A third of households missing out on the best broadband deals

Caroline Cassidy

With the cost of living increasing seemingly by the day, many British householders have a keen eye on the cheapest utility deals. Yet according to new research, more than a third have yet to make the leap with their broadband supplier.

Householders failing to switch to better broadband deals
Householders failing to switch to better broadband deals

Pic: Getty

The survey of 2,000 adults, by comparison site broadbandchoices.co.uk, found that almost 40 per cent of British households have stuck with their current supplier for four years or more, despite the fact that prices have dropped by more than 50 per cent in recent years.

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According to the website, the average annual cost of a broadband and home phone bundle is now £62 - four years ago that average was £132 annually. Across the UK, that means that total money wasted on more expensive packages if £500 million.

The majority of those who were failing to take advantage of better deals said they thought it would be "complicated and difficult".

Though most consumers are locked in for a contract period, usually 12 to 18 months, once the contract has expired they are free to look elsewhere.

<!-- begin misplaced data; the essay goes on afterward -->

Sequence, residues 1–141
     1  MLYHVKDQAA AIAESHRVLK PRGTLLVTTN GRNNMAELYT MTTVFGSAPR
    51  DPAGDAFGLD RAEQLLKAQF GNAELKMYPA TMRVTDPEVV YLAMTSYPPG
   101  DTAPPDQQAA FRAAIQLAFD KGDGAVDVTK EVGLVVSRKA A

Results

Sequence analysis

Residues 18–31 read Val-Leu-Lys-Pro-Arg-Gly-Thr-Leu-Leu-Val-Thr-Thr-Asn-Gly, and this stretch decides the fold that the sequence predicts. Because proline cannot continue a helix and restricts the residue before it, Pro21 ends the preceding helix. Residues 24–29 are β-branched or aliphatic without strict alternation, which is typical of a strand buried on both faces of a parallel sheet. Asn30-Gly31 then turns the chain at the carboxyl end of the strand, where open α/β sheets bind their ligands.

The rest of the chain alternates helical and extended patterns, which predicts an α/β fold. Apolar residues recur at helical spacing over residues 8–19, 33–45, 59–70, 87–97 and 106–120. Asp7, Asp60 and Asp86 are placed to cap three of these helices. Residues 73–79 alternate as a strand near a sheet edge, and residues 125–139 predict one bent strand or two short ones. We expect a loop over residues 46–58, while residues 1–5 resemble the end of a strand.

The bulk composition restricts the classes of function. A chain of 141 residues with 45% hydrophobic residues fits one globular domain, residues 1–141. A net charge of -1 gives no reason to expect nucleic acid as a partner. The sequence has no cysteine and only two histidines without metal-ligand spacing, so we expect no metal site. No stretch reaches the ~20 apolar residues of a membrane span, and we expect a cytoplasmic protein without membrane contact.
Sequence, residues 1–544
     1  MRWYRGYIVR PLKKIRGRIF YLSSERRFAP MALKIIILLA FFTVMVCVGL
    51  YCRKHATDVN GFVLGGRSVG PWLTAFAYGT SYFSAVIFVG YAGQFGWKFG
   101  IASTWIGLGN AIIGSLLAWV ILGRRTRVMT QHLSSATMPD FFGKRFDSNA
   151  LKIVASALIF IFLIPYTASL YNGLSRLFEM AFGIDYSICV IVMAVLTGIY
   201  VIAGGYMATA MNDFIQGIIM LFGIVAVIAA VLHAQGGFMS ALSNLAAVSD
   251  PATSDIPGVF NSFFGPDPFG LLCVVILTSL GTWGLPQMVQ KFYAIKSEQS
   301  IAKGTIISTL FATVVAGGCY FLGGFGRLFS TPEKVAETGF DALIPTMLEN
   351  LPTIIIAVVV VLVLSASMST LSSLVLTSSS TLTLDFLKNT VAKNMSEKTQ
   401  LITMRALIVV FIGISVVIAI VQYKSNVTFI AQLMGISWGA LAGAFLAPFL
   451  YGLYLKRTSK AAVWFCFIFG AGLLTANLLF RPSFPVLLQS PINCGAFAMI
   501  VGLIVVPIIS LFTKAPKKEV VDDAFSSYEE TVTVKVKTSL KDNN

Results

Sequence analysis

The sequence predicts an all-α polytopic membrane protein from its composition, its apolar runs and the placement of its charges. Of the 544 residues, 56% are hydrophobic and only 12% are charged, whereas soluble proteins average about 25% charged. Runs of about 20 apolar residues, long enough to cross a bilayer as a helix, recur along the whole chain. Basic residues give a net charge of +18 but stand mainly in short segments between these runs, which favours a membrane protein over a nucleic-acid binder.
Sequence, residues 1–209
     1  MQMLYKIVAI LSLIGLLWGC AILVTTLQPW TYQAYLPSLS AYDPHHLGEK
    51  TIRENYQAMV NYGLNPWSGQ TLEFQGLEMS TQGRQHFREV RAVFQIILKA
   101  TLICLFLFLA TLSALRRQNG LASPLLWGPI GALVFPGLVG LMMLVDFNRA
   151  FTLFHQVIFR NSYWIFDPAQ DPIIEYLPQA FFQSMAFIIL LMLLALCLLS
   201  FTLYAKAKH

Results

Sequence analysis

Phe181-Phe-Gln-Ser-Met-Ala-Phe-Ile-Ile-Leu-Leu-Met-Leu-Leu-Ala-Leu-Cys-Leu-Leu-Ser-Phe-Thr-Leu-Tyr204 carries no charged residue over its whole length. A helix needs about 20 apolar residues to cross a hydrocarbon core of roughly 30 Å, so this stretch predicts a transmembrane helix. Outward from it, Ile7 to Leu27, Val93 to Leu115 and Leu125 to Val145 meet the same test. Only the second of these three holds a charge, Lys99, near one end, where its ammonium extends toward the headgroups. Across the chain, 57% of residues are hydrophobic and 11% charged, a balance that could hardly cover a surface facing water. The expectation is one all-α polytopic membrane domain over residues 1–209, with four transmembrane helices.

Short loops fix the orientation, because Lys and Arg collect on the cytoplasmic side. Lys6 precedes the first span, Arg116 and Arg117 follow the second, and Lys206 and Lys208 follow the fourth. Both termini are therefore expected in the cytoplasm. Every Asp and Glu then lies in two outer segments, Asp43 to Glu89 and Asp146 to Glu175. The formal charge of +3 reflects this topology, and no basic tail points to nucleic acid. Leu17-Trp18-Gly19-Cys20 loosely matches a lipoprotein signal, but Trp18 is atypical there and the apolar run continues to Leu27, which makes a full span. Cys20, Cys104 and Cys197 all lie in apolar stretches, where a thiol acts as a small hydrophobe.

Regulation introduced by Ofcom back in 2007, means that an existing supplier must supply customers looking to switch with their Migration Authorisation Code (MAC) free of charge and within five working days.

And last year, the telecoms regulator announced that it would be considering other measures aimed at further simplifying the process.
Dominic Baliszewski, telecoms expert at broadbandchoices.co.uk, told the Daily Mail: "A lot of customers are stuck on outdated packages and could get so much more for their money if they just switched.

"People are used to shopping around for energy, insurance or even petrol, but customers are still failing to regularly switch their broadband service, potentially pouring over £500 million down the drain each year."

Have you successfully switched broadband providers? Do you think the process needs further simplification? Leave your comments below...